Reporter: Lauren Hertan
The Abramson Cancer Center of the University of Pennsylvania
Last Modified: September 24, 2013
The following reports were chosen because of their relevance to patients during and after cancer treatment. These presentations were made at the 55th annual meeting of the American Society for Radiation Oncology (ASTRO) in Atlanta Georgia.
Presenter Name: Lia M Halasz
Presenter Affiliation: University of Washington/Seattle Cancer Care Alliance, Seattle, WA.
Brain metastases are the most common tumor type that occurs in the brain and affect 10-30% of adults with cancer. They are most commonly seen in patients with lung cancer, melanoma, kidney cancer, colorectal cancer and breast cancer. With advances in imaging allowing for detection of smaller brain metastasis and improvements in systemic therapy that improve control of disease outside of the brain, the incidence of brain metastases appears to be increasing.
In patients with a limited number of brain metastases, the options for treatment include surgical removal and or radiation therapy. Radiation therapy can be delivered as either focused radiation to the metastases alone, called Stereotactic Radiosurgery (SRS), or radiation to the entire brain (WBRT). SRS is a one-day treatment and can decrease the risk of developing neurocognitive side effects (e.g. memory loss) compared to WBRT. However, WBRT is less expensive and treats microscopic disease that may not be visible on imaging, which can decrease the risk of developing subsequent brain metastases. Which treatment is recommended often depends on a multitude of factors including the life expectancy of the patient, the number of metastases in the brain, the size of those metastases, as well as the amount of disease outside the brain. The optimal treatment strategy for patients with newly diagnosed brain metastases remains controversial.
The current study was a national, multi-center retrospective study using data from the National Comprehensive Cancer Network (NCCN) Non-Small Cell Lung Cancer (NSCLC) Outcomes Database. It was designed to compare survival of patients treated with SRS versus WBRT as the initial treatment for brain metastases.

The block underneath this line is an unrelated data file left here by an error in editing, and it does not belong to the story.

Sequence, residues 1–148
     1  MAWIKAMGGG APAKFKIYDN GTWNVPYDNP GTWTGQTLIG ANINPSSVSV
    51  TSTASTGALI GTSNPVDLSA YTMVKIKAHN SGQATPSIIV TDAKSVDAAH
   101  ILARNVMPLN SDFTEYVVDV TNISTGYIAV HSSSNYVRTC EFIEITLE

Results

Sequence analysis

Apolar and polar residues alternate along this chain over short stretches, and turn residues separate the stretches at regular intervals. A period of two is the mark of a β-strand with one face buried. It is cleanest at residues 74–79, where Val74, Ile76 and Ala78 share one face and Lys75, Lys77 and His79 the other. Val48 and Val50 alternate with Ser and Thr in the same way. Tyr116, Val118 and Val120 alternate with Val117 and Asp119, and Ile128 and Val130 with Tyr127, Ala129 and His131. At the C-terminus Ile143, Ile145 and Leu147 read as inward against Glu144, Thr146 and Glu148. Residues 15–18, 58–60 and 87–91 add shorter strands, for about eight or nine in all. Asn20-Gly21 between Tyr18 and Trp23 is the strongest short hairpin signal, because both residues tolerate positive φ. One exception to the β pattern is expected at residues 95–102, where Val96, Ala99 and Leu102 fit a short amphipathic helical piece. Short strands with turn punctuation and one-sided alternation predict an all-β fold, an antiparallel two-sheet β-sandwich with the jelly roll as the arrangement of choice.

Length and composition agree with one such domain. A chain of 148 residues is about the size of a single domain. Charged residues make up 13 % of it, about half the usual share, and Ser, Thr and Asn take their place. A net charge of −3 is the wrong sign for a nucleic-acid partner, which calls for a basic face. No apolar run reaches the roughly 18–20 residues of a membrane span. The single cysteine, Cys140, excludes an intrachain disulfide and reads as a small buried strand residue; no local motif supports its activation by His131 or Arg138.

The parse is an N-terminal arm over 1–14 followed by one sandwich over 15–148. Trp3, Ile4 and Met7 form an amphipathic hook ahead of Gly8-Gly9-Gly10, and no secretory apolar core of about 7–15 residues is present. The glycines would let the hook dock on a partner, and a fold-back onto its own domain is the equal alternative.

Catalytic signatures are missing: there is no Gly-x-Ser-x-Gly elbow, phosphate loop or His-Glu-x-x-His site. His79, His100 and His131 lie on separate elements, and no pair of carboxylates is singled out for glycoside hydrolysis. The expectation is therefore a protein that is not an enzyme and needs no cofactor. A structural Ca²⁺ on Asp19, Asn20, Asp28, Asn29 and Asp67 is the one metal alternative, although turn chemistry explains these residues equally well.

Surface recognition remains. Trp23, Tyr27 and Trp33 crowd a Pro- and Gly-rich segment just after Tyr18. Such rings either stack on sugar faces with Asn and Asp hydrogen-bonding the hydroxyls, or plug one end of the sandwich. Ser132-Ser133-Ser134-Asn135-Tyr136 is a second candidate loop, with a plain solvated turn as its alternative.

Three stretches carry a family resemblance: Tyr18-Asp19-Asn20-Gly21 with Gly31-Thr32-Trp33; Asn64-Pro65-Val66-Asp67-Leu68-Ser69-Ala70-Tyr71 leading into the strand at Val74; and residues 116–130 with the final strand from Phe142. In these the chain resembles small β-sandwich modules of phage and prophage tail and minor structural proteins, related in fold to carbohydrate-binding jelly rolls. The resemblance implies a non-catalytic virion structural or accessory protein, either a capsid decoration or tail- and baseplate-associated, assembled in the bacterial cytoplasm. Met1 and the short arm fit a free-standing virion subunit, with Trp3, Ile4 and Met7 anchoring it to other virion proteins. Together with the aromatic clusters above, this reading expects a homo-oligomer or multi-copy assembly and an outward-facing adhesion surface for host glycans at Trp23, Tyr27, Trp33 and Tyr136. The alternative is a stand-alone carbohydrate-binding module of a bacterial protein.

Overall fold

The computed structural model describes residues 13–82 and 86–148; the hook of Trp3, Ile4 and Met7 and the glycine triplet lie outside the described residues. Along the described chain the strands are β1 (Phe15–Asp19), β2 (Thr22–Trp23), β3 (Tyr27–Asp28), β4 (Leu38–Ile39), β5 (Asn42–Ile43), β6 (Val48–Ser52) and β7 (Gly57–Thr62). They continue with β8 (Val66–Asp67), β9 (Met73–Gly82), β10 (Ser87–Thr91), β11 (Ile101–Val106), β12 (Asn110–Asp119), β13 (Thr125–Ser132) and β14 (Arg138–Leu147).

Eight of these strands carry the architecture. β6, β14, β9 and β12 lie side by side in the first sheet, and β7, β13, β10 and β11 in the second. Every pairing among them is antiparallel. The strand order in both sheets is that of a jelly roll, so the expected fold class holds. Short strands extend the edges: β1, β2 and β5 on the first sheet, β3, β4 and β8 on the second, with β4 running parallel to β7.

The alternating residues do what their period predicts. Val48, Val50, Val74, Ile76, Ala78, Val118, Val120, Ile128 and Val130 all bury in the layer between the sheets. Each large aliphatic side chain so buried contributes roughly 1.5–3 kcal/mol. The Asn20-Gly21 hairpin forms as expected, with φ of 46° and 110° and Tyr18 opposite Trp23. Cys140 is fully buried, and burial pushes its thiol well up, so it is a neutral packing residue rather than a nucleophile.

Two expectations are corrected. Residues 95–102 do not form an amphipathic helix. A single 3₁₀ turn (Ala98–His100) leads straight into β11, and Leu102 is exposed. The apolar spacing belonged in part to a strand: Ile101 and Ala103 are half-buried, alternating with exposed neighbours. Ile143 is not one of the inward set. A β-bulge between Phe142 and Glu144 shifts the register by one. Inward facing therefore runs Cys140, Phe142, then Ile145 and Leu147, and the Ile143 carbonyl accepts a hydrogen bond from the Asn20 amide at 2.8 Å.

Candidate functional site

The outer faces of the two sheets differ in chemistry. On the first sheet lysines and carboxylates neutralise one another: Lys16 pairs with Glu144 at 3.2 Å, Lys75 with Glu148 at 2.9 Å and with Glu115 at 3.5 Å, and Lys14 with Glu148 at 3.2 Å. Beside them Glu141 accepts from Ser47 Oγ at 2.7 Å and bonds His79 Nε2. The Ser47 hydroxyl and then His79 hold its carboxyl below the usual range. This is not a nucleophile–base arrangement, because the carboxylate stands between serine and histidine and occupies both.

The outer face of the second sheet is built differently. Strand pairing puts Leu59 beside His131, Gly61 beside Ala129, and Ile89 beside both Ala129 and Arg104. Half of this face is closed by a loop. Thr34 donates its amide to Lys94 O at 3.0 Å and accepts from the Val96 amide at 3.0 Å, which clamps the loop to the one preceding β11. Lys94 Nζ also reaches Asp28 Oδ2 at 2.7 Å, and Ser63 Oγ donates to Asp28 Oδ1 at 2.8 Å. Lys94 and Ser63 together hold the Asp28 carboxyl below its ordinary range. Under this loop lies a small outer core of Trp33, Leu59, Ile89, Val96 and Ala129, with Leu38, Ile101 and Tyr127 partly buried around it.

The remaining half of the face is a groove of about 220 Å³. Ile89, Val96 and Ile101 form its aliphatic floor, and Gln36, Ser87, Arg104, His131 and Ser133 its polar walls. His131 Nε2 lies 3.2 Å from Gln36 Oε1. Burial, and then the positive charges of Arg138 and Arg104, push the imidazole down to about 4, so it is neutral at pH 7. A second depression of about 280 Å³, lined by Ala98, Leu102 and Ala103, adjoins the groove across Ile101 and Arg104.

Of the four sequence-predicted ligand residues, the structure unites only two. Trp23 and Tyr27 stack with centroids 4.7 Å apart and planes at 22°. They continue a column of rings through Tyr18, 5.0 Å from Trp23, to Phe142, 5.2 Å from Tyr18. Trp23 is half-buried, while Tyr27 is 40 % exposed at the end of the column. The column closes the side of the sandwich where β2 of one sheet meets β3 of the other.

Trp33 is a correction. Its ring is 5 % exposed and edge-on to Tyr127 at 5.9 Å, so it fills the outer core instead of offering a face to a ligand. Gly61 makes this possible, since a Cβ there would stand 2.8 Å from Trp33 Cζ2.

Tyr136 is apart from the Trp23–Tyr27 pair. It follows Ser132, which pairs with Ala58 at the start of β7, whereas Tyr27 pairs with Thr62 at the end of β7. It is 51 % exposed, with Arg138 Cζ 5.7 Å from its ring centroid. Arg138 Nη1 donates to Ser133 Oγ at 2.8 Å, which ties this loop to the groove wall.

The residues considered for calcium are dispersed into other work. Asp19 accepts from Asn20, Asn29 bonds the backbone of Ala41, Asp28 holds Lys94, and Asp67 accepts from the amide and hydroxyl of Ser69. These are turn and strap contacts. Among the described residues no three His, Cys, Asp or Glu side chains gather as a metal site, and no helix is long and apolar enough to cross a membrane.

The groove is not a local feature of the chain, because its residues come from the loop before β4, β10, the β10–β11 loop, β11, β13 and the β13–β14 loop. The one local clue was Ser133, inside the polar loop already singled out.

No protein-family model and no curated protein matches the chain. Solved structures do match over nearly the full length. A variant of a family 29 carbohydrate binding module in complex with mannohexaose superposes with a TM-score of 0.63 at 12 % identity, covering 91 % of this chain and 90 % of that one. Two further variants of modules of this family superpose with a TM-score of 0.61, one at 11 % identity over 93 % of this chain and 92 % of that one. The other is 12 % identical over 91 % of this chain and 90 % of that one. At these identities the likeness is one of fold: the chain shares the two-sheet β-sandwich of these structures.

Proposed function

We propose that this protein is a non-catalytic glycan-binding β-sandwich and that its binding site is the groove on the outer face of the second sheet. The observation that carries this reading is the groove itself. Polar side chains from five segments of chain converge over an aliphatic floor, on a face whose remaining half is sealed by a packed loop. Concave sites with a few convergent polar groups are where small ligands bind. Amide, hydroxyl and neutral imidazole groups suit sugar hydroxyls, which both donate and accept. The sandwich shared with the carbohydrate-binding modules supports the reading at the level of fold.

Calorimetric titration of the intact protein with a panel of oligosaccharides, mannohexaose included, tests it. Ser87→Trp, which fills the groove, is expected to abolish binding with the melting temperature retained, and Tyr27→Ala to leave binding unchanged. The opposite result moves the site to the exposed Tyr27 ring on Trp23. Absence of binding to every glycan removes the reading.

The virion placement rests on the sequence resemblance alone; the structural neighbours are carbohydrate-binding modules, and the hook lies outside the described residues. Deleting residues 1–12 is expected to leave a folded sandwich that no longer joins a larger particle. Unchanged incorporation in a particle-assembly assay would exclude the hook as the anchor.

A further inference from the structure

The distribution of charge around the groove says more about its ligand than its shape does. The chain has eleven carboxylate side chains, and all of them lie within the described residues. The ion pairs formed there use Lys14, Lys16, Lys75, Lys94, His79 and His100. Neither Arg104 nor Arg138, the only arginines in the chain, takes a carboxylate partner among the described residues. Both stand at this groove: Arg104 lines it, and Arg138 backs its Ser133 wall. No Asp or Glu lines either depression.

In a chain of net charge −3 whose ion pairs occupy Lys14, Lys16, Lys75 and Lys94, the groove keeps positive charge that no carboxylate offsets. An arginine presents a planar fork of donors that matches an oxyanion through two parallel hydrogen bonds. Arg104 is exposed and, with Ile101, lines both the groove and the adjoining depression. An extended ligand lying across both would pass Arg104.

The study looked at 413 patients with brain metastases from NSCLC who received radiation therapy within 60 days of diagnosis. They excluded patients who underwent surgical resection. Among these patients, 29% received SRS and 71% received WBRT. The patients who had fewer brain metastases (1-3 versus ≥ 4), smaller size of the largest brain metastasis, and fewer sites of disease outside of the brain (0,1 versus ≥2) were more likely to get SRS. Additionally, a major factor in whether a patient received WBRT or SRS was also the institution at which they were treated.
Due to the differences seen between the two groups, it is apparent that the group that received WBRT was more likely to have more extensive disease than the group who received SRS. To allow for a better comparison between the two treatment groups, the authors looked at a specific group of 197 patients who would be considered candidates for either treatment (< 4 brain metastases & < 4 cm in size). Of this group, the median survival was 9 months in the patients who received SRS (48%) versus 3.9 months in the patients who received WBRT (52%). Despite using only a select group of patients, this large difference in survival is likely due to differences in the patients, as mentioned above. To help balance this out, the authors used a variety of statistical techniques and continued to see a survival benefit in the patients treated with SRS. In addition to seeing a survival benefit in patients treated with SRS, they also found a survival benefit in patients with fewer brain metastases (1 versus 2-3) and less disease outside the brain.
This study showed that NSCLC patients with 1-3 brain metastases had better overall survival when treated with SRS as compared to WBRT. However, as previously mentioned, this study relied on historical data and has limitations in the conclusions of the study because of this. They did use statistical techniques to attempt to eliminate the difference between the two groups; however, a large randomized trial comparing these two treatment options is needed to verify the results seen in this study.
Mar 2, 2015 - In patients with non-small cell lung cancer, prophylactic cranial irradiation may help prevent brain metastases, and stereotactic radiotherapy may arrest the growth of lung cancer in frail patients, according to research presented at the 51st Annual Meeting of the American Society for Radiation Oncology, held from Nov. 1 to 5 in Chicago.
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